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Walker signs Right-to-Work


Gov. Scott Walker signed a Right-to-Work bill into law Monday making Wisconsin the 25th state to adopt legislation making mandatory union membership to get or keep a job illegal clipping the wings of organize labor further in The Badger State.

The signing ceremony came four years after the state ended collective bargaining for public-sector workers – a move that led Big Labor to wage a massive but failed recall campaign and then a failed general election campaign to remove Walker from office.

Walker, who has all but declared a run for the White House in 2016, signed the legislation into law freeing private-sector employees from mandatory union membership and the payment of dues that often go to political candidate rank and file members do not support.

From introduction to passage, the legislation moved through the Wisconsin state legislature and to the governor’s desk for his signature in less than two weeks – record time for a state that organized labor once held out as an example for public and private sector union movement.

Right-to-Work supporters said the new law will make it easier for new businesses to locate to Wisconsin and improve the environment for existing businesses to grow.

The White House reaction was also predictable.

In a statement, President Barack Obama criticized Gov. Walker Monday for signing a law that ends mandatory union dues in the state. In what some say is a case of false causality, the president said:

“It’s no coincidence that the rise of the middle class in America coincided in large part with the rise of unions — workers who organized together for higher wages, better working conditions, and the benefits and protections that most workers take for granted today”.

“So I’m deeply disappointed that a new anti-worker law in Wisconsin will weaken, rather than strengthen workers in the new economy”…“Wisconsin is a state built by labor, with a proud pro-worker past.”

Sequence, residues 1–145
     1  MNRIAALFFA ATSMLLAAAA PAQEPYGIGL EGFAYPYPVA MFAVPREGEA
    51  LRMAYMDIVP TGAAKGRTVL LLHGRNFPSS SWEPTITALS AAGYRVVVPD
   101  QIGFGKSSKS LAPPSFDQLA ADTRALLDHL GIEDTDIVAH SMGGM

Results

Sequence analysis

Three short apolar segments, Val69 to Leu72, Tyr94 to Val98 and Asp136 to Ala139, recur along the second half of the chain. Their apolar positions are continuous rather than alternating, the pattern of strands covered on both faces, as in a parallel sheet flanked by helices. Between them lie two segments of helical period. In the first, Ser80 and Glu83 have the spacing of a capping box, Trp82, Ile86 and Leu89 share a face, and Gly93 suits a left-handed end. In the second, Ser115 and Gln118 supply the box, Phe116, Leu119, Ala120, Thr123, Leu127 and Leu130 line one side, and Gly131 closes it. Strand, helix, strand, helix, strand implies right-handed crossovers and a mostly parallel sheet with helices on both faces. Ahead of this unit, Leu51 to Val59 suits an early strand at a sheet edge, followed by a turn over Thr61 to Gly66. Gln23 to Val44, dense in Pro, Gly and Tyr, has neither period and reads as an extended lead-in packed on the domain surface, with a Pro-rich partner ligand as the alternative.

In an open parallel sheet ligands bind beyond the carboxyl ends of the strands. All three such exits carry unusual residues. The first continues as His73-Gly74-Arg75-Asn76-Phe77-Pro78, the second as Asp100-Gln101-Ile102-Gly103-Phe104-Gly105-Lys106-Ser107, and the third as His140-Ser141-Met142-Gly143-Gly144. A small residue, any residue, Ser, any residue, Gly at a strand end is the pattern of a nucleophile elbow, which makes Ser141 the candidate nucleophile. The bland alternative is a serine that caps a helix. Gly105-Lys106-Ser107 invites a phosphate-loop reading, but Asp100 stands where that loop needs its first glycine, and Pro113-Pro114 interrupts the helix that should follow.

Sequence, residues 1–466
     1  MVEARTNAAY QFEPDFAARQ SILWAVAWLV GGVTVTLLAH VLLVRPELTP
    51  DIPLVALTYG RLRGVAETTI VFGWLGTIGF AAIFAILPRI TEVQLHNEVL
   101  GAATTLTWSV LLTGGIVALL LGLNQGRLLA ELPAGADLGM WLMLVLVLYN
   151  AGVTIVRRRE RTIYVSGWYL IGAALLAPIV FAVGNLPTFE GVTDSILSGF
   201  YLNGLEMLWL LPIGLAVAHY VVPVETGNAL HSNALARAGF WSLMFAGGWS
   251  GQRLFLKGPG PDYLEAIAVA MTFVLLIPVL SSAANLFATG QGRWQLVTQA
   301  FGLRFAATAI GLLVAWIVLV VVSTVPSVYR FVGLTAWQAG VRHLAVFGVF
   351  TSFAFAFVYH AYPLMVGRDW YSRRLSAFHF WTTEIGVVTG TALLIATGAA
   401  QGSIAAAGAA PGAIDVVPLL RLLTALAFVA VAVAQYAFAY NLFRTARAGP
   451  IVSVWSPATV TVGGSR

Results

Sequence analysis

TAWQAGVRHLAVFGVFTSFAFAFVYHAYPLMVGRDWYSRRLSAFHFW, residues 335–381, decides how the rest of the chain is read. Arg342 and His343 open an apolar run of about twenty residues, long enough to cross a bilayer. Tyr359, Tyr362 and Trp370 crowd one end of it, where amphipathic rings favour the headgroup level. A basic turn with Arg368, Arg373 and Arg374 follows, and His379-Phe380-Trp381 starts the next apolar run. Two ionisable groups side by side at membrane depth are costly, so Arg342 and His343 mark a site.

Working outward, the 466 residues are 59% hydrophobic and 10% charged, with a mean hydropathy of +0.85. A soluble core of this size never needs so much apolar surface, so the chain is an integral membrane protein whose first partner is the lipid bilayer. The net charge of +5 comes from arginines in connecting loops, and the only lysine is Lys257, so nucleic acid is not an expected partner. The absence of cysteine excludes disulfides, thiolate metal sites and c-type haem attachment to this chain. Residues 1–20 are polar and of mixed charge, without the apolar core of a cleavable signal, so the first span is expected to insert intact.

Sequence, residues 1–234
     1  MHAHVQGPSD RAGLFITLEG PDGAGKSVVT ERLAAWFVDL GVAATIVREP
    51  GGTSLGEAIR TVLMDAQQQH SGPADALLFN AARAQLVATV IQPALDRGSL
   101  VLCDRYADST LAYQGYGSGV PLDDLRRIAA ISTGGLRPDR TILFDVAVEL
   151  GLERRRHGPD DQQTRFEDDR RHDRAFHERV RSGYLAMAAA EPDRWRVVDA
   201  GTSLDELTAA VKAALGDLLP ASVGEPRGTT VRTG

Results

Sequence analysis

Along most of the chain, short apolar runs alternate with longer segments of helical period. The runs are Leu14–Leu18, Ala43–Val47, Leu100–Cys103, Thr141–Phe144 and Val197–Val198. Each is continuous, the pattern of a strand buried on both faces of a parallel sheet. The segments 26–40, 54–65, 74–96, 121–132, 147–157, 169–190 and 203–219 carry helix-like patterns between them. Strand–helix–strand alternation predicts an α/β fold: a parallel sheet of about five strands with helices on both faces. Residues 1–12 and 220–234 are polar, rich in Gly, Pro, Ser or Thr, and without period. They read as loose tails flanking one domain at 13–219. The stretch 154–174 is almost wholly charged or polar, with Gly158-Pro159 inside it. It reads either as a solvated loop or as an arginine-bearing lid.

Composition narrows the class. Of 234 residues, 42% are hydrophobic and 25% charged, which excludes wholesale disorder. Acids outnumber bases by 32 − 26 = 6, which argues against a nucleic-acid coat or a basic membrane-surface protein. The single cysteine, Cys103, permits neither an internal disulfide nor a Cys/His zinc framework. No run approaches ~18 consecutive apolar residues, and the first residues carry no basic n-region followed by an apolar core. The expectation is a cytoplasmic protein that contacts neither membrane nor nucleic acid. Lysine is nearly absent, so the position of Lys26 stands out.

What President Obama left out was the fact that a vast majority of political donations made by unions to party committees and candidates go to democrats and that the money comes from forced union dues – oftentimes requiring employees to support candidates and causes they detest.

According to – which tracks political spending – labor unions donated almost $60 million to political candidates in the 2013-2014 campaign cycle. Of that, $53.3 million went to Democrats and $6.6 million to Republicans – a spread of 89% to 11%.

This fact is not lost of Scott Walker. In a campaign appeal announcing Gov. Walker’s intention to sign Wisconsin’s Right-to-Work law, “Team Walker” writes:

“Governor Scott Walker will sign legislation to make Wisconsin a “Right to Work” state, prohibiting employees from being forced to join a union against their will. It’s the right thing to do for job creators and employees alike.

But you know how it is: It threatens the power the Big Government Labor Bosses crave and they are going to come after him with everything they’ve got.”

The appeal ends with a request for a donation saying “Show him you support his “Right to Work” effort all the way. Help him move Wisconsin – and America – forward.”


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